Smartphone Alert Warning Message

Your smartphone rings and you see “Spam Risk” on screen. Who is this mysterious Spam Risk, and why do they keep calling? We’ll explain—and tell you what you can do about it.

The Quick Answer

If you see “Spam Risk” on your iPhone or Android Caller ID screen when you receive an incoming call, it means that your mobile carrier has already automatically detected that the call is likely from a fraudulent or deceptive source. In general, that means you should ignore the call and not answer it.

In particular, “Spam Risk” is the label that AT&T uses as part of its automatic fraud call blocking system, called AT&T Call Protect, which it first launched on December 20, 2016. It aims to automatically identify and block fraudulent calls (often in conjunction with a paid add-on service) and to also identify suspected spam calls.

The "Spam Risk" label on an iPhone call screen.

If you use another mobile carrier, you might see an alternate label such as “Spam,” “Telemarketer,” “Scam Risk,” “Scam Likely,” “Potential Spam,” or something similar. They all mean roughly the same thing: that your cell carrier has flagged the call as potential spam.

Wait, What Is Spam Anyway?

In tech, “spam” is a term for unwanted communications that come in at a high frequency. The term originated as a Monty Python TV comedy sketch reference that was applied to high volumes of disruptive messages in early online services, then to unsolicited emails on the internet in the 1990s. In the Monty Python sketch, a woman in a restaurant is confronted with a menu full of items made with Spam (the food product) to a frustrating and repetitive degree.

Since then, the term “spam” has generally become applied to any high-volume unwanted communications, including telephone calls and even physical paper mailings at times. Spam is a scourge of the modern connected world, and avoiding it is difficult.

Can I Silence “Spam Risk” Calls?

If you’re tired of being disturbed by calls labeled Spam Risk, you can turn on a feature called “Silence Unknown Callers” on your iPhone (in iOS 13 and up). The feature sends unknown callers (who aren’t in your Contacts list) straight to voicemail and silences any ring or notification from the call.

To do so, open the Settings app and navigate to Phone > Silence Unknown Callers, then flip the switch beside “Silence Unknown Callers” to the “On” position.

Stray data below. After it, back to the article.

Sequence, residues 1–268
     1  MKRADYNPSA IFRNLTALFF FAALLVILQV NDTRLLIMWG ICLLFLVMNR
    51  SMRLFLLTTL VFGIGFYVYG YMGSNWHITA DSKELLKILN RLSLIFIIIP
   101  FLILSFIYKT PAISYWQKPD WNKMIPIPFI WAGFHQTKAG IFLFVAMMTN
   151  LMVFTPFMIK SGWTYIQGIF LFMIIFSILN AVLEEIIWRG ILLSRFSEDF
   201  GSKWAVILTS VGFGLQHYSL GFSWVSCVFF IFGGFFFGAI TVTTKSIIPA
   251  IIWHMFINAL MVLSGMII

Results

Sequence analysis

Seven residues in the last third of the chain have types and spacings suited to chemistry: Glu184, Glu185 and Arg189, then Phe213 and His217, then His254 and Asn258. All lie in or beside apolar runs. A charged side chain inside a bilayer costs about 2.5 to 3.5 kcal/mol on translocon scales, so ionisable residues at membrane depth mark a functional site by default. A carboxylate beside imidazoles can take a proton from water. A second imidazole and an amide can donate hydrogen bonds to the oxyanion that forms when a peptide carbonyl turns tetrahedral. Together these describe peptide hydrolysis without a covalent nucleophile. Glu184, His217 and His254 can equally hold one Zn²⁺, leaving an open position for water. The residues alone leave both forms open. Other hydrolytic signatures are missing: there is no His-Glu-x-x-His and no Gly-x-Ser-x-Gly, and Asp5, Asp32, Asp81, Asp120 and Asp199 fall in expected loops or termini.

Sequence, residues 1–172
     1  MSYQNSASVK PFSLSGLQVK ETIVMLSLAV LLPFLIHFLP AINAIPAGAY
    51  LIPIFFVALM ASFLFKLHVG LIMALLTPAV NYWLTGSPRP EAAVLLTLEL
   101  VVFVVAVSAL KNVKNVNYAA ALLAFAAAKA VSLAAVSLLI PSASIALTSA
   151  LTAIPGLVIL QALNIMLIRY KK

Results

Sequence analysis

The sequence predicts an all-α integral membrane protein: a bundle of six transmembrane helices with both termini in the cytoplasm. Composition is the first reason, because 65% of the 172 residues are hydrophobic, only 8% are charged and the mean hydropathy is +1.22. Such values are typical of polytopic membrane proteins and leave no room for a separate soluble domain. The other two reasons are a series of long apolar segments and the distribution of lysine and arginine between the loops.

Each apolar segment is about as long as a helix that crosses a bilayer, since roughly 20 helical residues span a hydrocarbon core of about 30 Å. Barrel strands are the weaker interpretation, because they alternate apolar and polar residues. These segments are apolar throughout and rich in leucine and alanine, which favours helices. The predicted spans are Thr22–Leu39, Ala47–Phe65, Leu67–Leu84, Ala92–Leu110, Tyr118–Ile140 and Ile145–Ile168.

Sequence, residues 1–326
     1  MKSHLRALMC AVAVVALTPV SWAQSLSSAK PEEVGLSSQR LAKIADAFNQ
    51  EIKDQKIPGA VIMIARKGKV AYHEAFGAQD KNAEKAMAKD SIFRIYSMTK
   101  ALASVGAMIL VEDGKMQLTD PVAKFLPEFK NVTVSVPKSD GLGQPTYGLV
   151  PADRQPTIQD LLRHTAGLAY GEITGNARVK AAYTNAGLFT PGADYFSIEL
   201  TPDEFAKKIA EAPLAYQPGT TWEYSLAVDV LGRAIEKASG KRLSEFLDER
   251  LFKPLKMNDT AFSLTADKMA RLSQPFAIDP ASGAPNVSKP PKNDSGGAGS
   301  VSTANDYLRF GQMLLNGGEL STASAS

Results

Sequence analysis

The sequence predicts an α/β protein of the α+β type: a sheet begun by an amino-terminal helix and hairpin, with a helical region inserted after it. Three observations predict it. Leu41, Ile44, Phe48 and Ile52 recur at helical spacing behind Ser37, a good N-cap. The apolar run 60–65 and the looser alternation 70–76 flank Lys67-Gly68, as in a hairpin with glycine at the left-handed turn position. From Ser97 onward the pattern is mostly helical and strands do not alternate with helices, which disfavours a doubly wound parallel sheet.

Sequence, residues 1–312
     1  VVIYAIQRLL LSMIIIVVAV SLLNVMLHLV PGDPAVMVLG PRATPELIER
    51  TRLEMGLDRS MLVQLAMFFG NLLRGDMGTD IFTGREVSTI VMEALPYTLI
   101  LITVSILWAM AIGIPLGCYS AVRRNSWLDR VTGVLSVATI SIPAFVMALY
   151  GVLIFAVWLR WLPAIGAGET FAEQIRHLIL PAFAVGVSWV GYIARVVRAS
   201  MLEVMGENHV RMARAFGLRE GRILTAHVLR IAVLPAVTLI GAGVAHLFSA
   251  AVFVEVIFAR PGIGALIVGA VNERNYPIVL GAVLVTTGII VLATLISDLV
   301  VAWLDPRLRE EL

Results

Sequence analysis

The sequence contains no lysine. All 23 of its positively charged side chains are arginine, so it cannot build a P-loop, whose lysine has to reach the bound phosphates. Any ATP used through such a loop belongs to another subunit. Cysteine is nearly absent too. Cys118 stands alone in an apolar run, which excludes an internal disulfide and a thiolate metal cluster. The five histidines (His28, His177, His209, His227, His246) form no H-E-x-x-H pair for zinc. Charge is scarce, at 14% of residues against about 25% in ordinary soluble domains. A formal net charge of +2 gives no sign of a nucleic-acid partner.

Flip the switch beside "Silence Unknown Callers" to "On."

On Android, you can turn on Verified Calls to screen unknown callers. To do so, you’ll need to install the Phone by Google app and enable it within the app itself.

RELATED: How to Avoid Spam Robocalls with "Verified Calls" on Android

After that, any “Spam Risk” calls you receive will no longer ring your phone. You can manually screen the “Spam Risk” calls later by checking your “Recents” list in the Phone app on iPhone or Android. Or you can review voicemails you’ve received on iPhone.

RELATED: How to Silence Unknown Callers to Stop Robocall Spam on iPhone

Can “Spam Risk” Be Wrong?

Since the process of labeling calls as “Spam” is automated by your mobile service carrier, it’s possible that the “Spam Risk” label is incorrect. In that case, if you’re expecting an important call and got “Spam Risk” instead, tap the Phone app on your Android or iPhone and check your list of recent incoming calls.

Go to the Recents tab in Phone app

Once there, review the numbers labeled “Spam Risk” to see if any look familiar, and if so, you can call them back or add them to your Contacts list so they don’t get mislabeled again in the future. Good luck!

RELATED: How to Add a New Contact to iPhone

Profile Photo for Benj Edwards Benj Edwards
Benj Edwards is a former Associate Editor for How-To Geek. Now, he is an AI and Machine Learning Reporter for Ars Technica. For over 15 years, he has written about technology and tech history for sites such as The Atlantic, Fast Company, PCMag, PCWorld, Macworld, Ars Technica, and Wired. In 2005, he created Vintage Computing and Gaming, a blog devoted to tech history. He also created The Culture of Tech podcast and regularly contributes to the Retronauts retrogaming podcast.
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